Amid Pandemic Surge, On-Premise Dining Declines


As the Omicron variant of COVID-19 continues to spread, on-premises restaurant dining has plunged in certain U.S. regions, according to data from reservation service OpenTable.

On Dec. 18, the number of people seated at restaurants nationwide was only 2% lower than the same day in 2019. But on Dec. 20 it was 33% lower than two years ago, as reported by Restaurant Dive.

Some of the biggest declines were in Massachusetts, New Hampshire and Pennsylvania, while New York City was among the hardest-hit cities. South Carolina was unscathed—with the amount of seated diners about the same—while Nevada’s numbers actually rose.

OpenTable did not tie the declines to Omicron in its most recent State of the Industry dataset.

The news comes as many consumers had gravitated back to pre-pandemic, away-from-home dining habits, according to a fourth-quarter survey of 2,200 respondents by marketing firm Epsilon.



According to the survey, 95% of consumers had dined at a restaurant in the past three months and nearly three quarters (73%) had eaten indoors.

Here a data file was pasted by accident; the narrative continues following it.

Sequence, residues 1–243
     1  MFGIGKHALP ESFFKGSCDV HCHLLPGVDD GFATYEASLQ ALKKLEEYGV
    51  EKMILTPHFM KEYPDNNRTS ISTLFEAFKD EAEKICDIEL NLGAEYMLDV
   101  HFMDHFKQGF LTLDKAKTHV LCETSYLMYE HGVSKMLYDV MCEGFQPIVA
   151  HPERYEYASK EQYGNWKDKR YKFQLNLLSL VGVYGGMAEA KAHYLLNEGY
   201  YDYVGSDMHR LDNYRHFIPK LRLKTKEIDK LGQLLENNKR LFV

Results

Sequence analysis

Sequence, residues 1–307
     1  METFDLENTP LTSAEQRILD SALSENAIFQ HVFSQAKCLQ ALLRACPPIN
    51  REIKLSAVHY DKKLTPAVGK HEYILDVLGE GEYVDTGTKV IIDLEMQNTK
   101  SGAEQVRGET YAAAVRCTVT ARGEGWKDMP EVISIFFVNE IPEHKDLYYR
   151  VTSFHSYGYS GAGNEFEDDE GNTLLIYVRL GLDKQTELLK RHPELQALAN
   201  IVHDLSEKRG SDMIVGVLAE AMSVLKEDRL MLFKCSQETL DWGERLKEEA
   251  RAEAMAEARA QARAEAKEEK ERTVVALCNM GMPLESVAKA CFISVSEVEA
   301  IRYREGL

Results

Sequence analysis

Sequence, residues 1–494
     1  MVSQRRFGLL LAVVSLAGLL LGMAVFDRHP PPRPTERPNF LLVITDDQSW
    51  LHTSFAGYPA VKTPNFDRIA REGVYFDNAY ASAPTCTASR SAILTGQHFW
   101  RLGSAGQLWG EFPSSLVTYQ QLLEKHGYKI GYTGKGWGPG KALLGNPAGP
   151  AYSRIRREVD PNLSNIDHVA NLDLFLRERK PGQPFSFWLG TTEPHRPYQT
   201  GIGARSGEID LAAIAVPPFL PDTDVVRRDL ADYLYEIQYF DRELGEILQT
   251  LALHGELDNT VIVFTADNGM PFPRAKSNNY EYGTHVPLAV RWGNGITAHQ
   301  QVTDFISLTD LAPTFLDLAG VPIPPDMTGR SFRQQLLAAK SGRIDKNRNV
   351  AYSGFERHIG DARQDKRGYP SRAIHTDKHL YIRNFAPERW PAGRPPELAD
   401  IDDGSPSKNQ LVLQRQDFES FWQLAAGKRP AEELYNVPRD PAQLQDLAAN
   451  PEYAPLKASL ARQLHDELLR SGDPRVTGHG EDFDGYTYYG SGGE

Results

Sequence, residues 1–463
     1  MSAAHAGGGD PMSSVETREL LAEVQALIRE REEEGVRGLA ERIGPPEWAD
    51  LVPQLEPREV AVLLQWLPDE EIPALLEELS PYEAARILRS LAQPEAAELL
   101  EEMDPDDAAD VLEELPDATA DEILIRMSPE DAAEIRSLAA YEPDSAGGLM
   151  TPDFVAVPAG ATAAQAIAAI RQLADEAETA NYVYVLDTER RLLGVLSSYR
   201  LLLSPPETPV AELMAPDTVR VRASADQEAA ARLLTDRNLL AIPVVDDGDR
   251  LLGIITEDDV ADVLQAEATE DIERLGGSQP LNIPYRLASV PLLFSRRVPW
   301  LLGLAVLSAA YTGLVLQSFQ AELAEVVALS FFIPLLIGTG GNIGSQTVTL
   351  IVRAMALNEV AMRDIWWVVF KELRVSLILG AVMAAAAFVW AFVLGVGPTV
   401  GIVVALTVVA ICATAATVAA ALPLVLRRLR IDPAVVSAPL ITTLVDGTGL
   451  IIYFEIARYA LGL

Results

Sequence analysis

Restaurant operators like Darden—whose holdings include full-service establishments like Olive Garden and LongHorn Steakhouse—are putting the best face on the latest surge of pandemic cases.

While Darden’s Q2 sales increased 37% year over year, its executives were grilled last week about the possibility of another falloff in on-premises dining.

Chairman and CEO Gene Lee said Darden hadn’t seen any changes in regional behavior as of Dec. 17, according to an earnings call transcript from Seeking Alpha.

Citing a New York Times map of COVID cases showing a “surge heading towards New England,” Lee said, “that’s been a part of the country that’s been most sensitive -- into maybe what I would call overreacting.”

He added, “There's a certain percentage of the population that is going to react to this, but there's a certain set of it that's just going to continue on. All you’ve got to do is look at stadiums and concert halls to see who those people are.”

Not surprisingly, safety regulations like mask mandates ranked #1 in news stories related to food in 2021, according to the 18th annual Food News Study from marketing communications company Hunter.

Hunter’s study—in conjunction with Libran Research & Consulting—surveyed 1,002 U.S. adults about what they considered the top food news stories.

Number two behind safety regulations was the subject of labor shortage at eating establishments.

On a brighter note, #9 was news about celebrity-inspired meals at Burger King and McDonald’s, and #10 was Lady Gaga’s limited-edition partnership with Oreo cookies.

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